5 Theory-based and semi-empirical transport modelling (a).... Pulse No.: t =.s t =.s t =.s t =.s (b) Pulse No.: t =.s t =.s t =.s t =.s JG.-b/wc Figure. Modelled ion (a) and electron (b) temperature profiles at four different instants. The solid curve corresponds to the simulation with the actual shearing rate, the dotted one with ω E B = and the dashed one with five times larger shearing rate than the actual one. (a). n n n e ( 9 m e ( 9 m e ( 9 m ) ) ).... (c) Pulse No.: (d) Pulse No.: (b) Pulse No.: t =.s t =.s t =.s t =.s t =.s t =.s t =.s t =.s t =.s p( Pa) p( Pa) p( Pa) JG.-b/wc Pulse No.: t =.s t =.s t =.s JG.-b/wc..... Figure. Electron density (a), pressure (b), ion tmeperature (c) and electron temperature (d) profiles at three different instants. The solid curve corresponds to the modelling with the NBI particle source, and the dashed one without it. and smaller pressure. The volume average temperatures are almost the same between the cases, but the ITB is clearly missing in figure (c) without the NBI particle source (dashed curve).. Conclusions The first results of the application of the Weiland transport model to JET discharges with ITBs are rather encouraging ITBs are reproduced with prediction errors not much larger than with the extensively validated Bohm/gyro-Bohm semi-empirical transport model. Very /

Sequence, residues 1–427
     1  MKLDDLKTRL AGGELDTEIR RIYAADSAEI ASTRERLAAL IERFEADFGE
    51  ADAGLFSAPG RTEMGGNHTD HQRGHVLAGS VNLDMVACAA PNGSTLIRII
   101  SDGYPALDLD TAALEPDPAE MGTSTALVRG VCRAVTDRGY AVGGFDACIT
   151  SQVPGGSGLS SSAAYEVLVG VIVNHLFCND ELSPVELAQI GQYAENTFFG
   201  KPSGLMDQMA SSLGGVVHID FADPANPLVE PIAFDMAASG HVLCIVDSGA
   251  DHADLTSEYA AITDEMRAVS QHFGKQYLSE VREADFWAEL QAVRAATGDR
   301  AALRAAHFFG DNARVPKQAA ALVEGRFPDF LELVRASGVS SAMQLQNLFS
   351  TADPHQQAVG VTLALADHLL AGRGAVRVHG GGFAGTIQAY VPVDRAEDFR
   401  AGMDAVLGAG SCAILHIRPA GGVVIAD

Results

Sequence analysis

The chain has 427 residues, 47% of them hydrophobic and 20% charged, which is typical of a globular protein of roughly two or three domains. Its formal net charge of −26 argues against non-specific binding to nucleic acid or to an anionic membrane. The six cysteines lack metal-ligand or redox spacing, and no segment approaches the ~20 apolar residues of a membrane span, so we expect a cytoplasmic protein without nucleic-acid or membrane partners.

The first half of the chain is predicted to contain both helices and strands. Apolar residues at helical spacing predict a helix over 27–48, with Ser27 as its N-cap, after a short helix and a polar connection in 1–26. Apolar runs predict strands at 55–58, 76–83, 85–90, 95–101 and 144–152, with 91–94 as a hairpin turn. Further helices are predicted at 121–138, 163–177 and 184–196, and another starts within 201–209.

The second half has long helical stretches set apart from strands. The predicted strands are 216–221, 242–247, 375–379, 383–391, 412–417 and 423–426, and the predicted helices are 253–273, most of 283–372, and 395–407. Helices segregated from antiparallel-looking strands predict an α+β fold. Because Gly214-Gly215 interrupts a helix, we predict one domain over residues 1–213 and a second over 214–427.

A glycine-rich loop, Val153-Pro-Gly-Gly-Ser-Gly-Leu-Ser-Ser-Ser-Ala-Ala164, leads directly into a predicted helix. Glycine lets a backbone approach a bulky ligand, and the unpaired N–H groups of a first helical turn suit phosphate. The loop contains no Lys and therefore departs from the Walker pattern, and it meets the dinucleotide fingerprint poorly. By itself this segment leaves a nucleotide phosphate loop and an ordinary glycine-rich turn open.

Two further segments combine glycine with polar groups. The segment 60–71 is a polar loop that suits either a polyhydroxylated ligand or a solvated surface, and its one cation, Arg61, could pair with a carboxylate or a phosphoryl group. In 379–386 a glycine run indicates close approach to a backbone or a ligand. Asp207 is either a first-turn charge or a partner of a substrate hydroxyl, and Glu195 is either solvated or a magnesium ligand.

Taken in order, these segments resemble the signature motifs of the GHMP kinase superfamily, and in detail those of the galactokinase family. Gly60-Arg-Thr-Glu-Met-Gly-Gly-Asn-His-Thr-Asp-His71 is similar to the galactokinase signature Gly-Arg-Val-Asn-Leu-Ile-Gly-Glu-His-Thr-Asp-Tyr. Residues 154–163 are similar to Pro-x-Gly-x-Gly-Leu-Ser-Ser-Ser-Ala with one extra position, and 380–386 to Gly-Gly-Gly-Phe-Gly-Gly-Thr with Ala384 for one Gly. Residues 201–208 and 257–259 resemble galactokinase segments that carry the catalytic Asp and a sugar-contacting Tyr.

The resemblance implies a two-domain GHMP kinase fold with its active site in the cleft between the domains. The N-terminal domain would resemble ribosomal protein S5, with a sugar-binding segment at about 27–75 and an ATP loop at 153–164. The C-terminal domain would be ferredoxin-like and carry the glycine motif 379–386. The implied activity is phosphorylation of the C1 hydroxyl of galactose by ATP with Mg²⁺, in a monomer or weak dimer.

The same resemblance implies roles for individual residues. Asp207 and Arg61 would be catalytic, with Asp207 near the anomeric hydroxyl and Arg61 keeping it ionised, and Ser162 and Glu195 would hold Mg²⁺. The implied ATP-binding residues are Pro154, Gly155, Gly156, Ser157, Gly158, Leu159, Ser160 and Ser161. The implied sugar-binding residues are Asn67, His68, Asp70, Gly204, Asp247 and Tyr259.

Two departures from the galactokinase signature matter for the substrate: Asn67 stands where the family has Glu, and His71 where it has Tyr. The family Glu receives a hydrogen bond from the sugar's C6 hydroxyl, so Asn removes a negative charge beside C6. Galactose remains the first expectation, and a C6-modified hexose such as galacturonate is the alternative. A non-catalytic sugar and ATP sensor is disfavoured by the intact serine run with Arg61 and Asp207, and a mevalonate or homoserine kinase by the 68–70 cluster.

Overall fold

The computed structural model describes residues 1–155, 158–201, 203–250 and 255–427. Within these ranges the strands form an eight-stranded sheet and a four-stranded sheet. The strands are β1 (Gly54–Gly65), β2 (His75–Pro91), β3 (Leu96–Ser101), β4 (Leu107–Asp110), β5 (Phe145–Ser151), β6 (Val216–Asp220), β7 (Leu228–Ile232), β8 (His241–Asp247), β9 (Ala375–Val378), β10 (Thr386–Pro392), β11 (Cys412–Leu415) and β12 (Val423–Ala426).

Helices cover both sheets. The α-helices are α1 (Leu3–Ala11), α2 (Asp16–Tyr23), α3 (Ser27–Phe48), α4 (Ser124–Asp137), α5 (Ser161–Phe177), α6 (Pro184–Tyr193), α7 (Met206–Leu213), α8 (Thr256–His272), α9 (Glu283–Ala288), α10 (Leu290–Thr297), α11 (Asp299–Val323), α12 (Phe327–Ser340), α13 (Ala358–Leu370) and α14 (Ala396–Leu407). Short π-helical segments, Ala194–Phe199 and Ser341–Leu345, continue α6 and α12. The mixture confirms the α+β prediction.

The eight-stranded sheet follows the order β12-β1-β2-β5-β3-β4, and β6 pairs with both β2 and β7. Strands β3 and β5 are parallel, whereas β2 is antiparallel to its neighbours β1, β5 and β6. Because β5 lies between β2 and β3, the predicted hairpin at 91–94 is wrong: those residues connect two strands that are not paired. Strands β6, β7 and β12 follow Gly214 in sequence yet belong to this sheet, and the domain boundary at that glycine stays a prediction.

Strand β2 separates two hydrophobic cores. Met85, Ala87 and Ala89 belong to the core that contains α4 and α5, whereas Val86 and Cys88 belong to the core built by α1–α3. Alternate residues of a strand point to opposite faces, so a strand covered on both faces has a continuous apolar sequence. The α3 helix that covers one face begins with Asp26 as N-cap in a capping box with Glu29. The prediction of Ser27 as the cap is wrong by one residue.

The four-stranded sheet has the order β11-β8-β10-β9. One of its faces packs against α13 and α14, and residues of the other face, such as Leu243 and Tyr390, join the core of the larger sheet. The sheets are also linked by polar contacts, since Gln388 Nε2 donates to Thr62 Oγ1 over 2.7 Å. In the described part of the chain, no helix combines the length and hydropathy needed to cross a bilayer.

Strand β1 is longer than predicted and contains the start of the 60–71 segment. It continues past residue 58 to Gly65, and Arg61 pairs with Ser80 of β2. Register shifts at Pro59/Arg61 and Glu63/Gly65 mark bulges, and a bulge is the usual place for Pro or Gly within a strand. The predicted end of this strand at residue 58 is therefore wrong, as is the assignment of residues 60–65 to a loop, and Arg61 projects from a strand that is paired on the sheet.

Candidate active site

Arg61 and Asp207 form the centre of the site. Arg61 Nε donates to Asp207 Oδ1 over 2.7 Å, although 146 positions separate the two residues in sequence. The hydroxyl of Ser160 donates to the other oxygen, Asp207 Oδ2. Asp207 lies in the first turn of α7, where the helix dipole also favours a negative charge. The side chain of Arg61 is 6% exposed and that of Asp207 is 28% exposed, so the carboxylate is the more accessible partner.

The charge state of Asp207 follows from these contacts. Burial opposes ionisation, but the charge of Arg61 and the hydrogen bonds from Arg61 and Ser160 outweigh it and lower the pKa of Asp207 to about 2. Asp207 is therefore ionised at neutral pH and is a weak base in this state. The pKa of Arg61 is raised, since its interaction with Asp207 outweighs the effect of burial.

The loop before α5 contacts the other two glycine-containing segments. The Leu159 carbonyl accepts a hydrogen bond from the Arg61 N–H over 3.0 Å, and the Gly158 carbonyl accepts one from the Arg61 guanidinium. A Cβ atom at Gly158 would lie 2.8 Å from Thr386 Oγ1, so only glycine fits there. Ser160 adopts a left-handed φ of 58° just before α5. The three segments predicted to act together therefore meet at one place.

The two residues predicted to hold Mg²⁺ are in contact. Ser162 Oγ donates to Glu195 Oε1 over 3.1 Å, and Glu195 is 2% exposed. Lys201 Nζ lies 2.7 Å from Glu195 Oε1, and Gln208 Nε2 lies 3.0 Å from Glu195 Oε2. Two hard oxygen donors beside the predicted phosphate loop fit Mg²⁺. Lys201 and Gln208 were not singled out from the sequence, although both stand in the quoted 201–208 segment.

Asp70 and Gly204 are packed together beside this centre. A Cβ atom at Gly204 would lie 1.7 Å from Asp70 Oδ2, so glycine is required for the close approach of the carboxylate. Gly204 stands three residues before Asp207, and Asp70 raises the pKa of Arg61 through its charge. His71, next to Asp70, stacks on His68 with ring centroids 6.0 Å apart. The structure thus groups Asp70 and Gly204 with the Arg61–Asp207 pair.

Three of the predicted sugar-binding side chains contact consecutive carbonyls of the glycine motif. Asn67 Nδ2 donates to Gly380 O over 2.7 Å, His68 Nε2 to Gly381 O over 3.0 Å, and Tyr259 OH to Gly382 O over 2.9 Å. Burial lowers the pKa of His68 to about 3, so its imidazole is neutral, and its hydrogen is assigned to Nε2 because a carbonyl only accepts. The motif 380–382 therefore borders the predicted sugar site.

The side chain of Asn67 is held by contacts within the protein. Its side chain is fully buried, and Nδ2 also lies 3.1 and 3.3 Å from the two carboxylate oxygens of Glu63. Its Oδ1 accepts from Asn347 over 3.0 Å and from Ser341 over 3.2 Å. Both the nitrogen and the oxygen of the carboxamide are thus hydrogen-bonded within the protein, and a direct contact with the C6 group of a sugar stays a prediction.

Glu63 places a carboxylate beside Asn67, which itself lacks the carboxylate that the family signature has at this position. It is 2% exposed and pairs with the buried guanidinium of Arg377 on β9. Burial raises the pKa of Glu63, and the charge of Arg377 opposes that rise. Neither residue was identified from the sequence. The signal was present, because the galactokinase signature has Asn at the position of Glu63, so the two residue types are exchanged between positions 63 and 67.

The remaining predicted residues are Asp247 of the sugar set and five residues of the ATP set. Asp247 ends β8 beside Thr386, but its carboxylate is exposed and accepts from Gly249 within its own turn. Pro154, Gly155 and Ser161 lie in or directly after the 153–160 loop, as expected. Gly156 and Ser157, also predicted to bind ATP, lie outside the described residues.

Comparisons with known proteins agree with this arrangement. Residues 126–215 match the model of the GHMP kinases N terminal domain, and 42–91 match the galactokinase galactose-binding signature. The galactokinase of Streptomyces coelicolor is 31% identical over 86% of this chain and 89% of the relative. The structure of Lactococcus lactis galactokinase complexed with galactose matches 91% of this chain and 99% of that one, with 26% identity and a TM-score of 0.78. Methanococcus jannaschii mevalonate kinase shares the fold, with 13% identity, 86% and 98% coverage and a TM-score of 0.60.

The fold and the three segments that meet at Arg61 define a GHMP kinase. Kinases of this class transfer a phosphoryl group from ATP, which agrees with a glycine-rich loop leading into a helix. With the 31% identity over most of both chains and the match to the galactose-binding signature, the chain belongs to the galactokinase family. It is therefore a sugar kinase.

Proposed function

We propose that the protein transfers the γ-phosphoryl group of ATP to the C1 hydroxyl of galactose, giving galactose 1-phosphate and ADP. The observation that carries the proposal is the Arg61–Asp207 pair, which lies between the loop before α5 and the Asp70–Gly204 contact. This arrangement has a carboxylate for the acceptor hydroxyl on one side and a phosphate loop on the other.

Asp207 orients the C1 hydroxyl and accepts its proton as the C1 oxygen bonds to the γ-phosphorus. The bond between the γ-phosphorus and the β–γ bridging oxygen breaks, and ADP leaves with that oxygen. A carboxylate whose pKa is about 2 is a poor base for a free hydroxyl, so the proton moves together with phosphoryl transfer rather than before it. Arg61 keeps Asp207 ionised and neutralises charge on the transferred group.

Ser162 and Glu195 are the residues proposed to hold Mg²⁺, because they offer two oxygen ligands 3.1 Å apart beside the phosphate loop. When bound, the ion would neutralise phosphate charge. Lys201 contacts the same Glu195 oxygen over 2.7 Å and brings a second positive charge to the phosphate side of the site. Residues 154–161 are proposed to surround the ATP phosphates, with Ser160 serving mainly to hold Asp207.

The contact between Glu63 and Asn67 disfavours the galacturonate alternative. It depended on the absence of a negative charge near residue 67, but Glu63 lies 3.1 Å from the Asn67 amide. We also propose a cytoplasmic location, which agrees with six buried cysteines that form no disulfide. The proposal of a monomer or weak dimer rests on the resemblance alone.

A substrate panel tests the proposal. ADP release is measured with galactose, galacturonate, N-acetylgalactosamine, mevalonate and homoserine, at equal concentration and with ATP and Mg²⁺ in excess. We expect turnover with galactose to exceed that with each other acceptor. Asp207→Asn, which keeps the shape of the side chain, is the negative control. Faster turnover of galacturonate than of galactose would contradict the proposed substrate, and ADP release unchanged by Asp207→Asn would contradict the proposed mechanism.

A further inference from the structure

6 TJJTalaet al importantly, no numerical fitting parameters exist in the present JETTO implementation of the Weiland model in contrast to the Bohm/gyro-Bohm model. Furthermore, as mentioned earlier, adding some additional edge transport, such as a fraction from the Bohm transport term equation () to the terms in equations () and (9), the agreement with the experiments will be even better. In the Weiland model, the importance of the density gradient seems to dominate the effect of the ω E B shearing rate in ITB formation. On the other hand, as found earlier in the analyses with the Bohm/gyro-Bohm transport model, small or negative magnetic shear also plays a crucial role in the ITB physics on top of the ω E B shearing rate []. However, magnetic shear effects are not taken into account in this version of the Weiland model nearly as strongly as in the Bohm/gyro-Bohm model. This is an area that needs further work. Moreover, neither model takes into account the rational surfaces of the q-profile which are found to play a role in the ITB formation []. Another important task is to improve the numerical stability of the Weiland model with pulses that have ITBs. Acknowledgments The authors are grateful to Jan Weiland and Clive Challis for many fruitful discussions. References [] Erba M et al 997 Plasma Phys. Control. Fusion 9 [] Parail V V et al 999 Nucl. Fusion 9 9 [] TalaTJJet al Nucl. Fusion [] TalaTJJet al Plasma Phys. Control. Fusion 7 [] Jarmen A, Andersson P and Weiland J 97 Nucl. Fusion 7 9 [] Nordman H, Weiland J and Jarmen A 99 Nucl. Fusion 9 [7] Weiland J and Hirose A 99 Nucl. Fusion [] Strand P, Nordman H, Weiland J and Christiansen J 99 Nucl. Fusion [9] Hinton F L and Hazeltine R D 97 Rev. Mod. Phys. 9 [] Ohkawa T 97 Phys. Lett. A 7 [] Hahm T S and Burrell K H 99 Phys. Plasmas [] Tresset G et al A dimensionless criterion for characterising internal transport barriers in JET Nucl. Fusion submitted [] Challis C D et al Plasma Phys. Control. Fusion /